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A training camp like no other has come to an end for the Seahawks.
Instead of the usual hurry-up-and-wait scenario, the Seahawks took a wait-and-then-hurry-up approach to their second summer session under coach Pete Carroll. Read
Clare Farnsworth passes out his training camp awards:
Best player: WR Sidney Rice
Best offensive player: RB Marshawn Lynch
Best defensive player: FS Earl Thomas
Best special teams player: P Jon Ryan
Best free-agent addition: CB Brandon Browner
That will happen when a 136-day lockout erased the spring minicamps and OTAs; the new CBA limited teams to one practice a day during camp; and the free agents signed by the club were not allowed to join practice until Aug.4 – a group that included quarterback Tarvaris Jackson, wide receiver Sidney Rice, fullback Michael Robinson, left guard Robert Gallery, tight end Zach Miller, linebacker Leroy Hill and defensive tackles Brandon Mebane and Alan Branch.
All are expected to be starters this season. All got off to a late start in the preparation process for not only Saturday night’s preseason home opener against Minnesota Vikings at CenturyLink Field, but also the Sept. 11 regular-season opener against the division rival 49ers in San Francisco.
What’s a coach to do? Make do with what was there.
“This happened way too fast,” Carroll said Thursday after one last two-hour practice. “Every day we spent here has been so important, and we just need more of them.
“It’s gone well. We’ve had great competitiveness, which is what we always hope for. The players rallied around the style of practice, the high tempo and energy we expect of them and competing every day. They did that. So I think we’ve done what we can.”
The condensed camp was especially tough on Darrell Bevell, the new offensive coordinator who is installing a new system.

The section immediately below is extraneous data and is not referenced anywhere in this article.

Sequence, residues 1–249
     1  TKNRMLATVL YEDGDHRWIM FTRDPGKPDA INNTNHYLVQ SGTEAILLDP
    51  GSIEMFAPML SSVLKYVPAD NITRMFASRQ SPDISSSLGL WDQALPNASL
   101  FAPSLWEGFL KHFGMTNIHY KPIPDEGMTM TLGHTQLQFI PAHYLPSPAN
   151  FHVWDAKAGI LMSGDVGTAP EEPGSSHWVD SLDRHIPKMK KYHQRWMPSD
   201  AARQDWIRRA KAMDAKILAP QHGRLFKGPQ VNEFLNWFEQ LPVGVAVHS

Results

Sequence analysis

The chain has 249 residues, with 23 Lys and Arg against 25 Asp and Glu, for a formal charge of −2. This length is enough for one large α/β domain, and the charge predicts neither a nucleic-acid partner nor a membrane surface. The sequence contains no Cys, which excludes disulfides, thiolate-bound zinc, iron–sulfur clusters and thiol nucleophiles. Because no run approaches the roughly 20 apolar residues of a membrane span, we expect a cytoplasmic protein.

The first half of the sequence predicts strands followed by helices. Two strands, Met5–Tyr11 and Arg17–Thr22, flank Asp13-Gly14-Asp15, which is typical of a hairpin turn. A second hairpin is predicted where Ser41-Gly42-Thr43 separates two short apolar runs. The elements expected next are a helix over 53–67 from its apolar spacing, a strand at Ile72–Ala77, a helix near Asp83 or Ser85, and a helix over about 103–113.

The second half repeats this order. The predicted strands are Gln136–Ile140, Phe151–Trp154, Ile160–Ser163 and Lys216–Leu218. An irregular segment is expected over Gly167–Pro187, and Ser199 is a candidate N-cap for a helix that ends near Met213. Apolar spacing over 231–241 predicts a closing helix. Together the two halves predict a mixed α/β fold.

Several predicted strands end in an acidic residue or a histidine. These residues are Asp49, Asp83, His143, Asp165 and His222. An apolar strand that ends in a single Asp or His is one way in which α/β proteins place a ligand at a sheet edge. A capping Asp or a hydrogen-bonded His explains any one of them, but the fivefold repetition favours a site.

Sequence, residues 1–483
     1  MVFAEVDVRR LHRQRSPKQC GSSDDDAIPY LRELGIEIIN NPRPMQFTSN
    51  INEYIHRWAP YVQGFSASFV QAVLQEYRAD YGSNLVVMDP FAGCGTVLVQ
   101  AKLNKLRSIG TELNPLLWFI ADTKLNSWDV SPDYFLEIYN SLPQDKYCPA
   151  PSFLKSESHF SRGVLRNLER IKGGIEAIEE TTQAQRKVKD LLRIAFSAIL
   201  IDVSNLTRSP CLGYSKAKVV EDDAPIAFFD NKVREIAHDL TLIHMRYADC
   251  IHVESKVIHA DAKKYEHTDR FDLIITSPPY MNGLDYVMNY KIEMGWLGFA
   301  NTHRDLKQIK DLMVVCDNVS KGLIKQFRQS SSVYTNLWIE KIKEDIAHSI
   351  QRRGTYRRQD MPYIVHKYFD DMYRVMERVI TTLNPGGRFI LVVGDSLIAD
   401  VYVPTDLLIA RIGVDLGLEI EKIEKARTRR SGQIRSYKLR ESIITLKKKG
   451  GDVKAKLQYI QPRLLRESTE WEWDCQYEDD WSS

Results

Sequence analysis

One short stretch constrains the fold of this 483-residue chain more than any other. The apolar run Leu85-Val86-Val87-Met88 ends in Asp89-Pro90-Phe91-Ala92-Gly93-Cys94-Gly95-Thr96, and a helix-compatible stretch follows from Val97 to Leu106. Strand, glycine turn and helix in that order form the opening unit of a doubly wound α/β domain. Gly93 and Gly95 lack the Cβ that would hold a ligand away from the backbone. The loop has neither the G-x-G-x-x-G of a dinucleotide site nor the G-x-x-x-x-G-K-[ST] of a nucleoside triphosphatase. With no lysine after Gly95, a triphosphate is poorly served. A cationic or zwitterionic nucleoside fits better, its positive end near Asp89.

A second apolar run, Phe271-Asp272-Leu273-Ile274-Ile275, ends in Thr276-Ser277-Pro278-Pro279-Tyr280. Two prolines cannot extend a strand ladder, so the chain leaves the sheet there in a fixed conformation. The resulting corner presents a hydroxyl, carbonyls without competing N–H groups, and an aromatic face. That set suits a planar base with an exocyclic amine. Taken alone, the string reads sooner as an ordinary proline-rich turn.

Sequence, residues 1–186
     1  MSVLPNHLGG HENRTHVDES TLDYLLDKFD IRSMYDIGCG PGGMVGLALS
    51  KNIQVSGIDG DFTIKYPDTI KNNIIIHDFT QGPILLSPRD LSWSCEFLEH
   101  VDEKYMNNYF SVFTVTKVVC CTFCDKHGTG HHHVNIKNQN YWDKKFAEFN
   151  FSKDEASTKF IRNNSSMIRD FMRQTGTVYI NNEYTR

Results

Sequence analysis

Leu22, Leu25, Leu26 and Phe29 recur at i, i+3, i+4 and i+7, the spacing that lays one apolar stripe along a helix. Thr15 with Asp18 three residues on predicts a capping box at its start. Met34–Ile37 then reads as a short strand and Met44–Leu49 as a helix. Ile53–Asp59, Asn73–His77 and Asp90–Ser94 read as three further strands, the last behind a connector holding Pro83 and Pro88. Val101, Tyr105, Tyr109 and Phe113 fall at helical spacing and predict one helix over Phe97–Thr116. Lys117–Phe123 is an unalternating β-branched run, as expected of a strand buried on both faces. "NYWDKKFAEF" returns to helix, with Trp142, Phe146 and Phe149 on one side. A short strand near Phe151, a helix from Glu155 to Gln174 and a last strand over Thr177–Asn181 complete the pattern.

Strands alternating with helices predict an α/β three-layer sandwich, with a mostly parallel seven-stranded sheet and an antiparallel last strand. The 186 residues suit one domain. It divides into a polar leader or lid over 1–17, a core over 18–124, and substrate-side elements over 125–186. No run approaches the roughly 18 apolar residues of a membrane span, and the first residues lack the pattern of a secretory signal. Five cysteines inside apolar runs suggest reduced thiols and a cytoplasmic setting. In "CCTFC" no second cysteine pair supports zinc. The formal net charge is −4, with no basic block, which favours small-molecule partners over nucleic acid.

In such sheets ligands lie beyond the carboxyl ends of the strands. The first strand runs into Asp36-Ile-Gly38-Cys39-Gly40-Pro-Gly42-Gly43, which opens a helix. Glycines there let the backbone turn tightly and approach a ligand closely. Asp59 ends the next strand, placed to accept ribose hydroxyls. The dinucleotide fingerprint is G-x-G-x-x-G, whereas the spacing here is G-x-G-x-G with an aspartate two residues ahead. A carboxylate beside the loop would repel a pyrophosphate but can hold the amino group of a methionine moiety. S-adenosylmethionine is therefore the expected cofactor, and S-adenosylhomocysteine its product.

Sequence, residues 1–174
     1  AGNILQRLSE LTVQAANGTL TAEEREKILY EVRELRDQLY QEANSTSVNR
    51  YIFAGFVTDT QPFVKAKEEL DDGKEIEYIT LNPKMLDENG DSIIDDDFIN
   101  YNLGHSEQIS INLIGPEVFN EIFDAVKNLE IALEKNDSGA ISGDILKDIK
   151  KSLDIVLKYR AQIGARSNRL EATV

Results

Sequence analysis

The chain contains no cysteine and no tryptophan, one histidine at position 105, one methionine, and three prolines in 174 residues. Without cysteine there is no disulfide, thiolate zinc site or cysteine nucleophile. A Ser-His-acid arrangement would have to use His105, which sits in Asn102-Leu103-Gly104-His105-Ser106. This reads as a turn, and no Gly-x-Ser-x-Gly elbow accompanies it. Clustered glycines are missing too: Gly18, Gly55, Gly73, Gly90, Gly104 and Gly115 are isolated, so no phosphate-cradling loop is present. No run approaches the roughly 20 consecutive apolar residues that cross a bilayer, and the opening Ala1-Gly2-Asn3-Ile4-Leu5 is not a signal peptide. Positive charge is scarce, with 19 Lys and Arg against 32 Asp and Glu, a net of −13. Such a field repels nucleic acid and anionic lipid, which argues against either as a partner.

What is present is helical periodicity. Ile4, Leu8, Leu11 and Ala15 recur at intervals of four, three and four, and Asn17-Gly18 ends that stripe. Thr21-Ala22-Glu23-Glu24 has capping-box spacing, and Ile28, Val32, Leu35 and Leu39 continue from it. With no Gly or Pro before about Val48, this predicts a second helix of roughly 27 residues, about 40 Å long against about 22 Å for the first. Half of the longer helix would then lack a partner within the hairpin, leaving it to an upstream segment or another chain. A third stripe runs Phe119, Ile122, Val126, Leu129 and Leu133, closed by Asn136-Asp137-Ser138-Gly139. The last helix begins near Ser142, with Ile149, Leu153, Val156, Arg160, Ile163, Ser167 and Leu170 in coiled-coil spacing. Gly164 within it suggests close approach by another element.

“You have to cut back,” Bevell said. “You can’t do as much as you would if you had all those OTAs, because you like to go through your system a couple times and then once you get to training camp they’ve heard it all. Now they’re comfortable with it. So in training camp you put all of it back in again, and then you start adding wrinkles.
“Well, we’re still in that first stage.”
So we’ll have wrinkles to look forward to as the coaches and players press on?
“We will,” Bevell said. “But you’ve got to get the base system in first.”
For their part, the players also have been in adapt-mode.
“It’s still football, so as soon as you get out on the field everything kind of goes out the window and you’re still playing football and you’re still working hard and you’re still doing what you normally do,” said veteran cornerback Marcus Trufant – the longest-tenured Seahawk, one of only two players left from the Super Bowl team in 2005 and one of just 17 players remaining from the roster Carroll inherited 18 months ago.
“But as far as the offseason and all that stuff, it has been different. Everything is squeezed together. There’s just not as much time. But at the end of the day, it’s still about football so you still go out and get it.”
There just weren’t enough of those days to suit Carroll, and there were no two-a-day practices. Instead, the players would have a morning walk-thru and a longer-than-Carroll-would-like practice in the afternoon.
“We feel rushed,” Carroll said. “We do feel rushed.”
But he also senses some positives about his new-look team, and they have been obvious watching the practices.
“I feel that we’re faster, and we’re stronger, and we’re bigger,” Carroll said. “We just feel like that. Hopefully that has made us a more competitive roster.”
Carroll sensed the players were dragging this week, so he canceled the Monday practice to give them extra time off leading into their scheduled day off on Tuesday.
“We made a really good move a couple days ago to give these guys another half day off,” he said. “They came back really strong these last two days and we’re back ready to go again. We were beating them down pretty good and I think that was just the aftermath of an offseason that wasn’t as strong as it could have been, a rugged camp to start with and a work load that there’s no way they could be ready for.
“You could see them starting to wear down a little bit. So we tried to recapture them a bit.”
“Now, it’s just a race kind of to the finish line of the beginning,” Carroll said. “We’ll see how it goes.” Read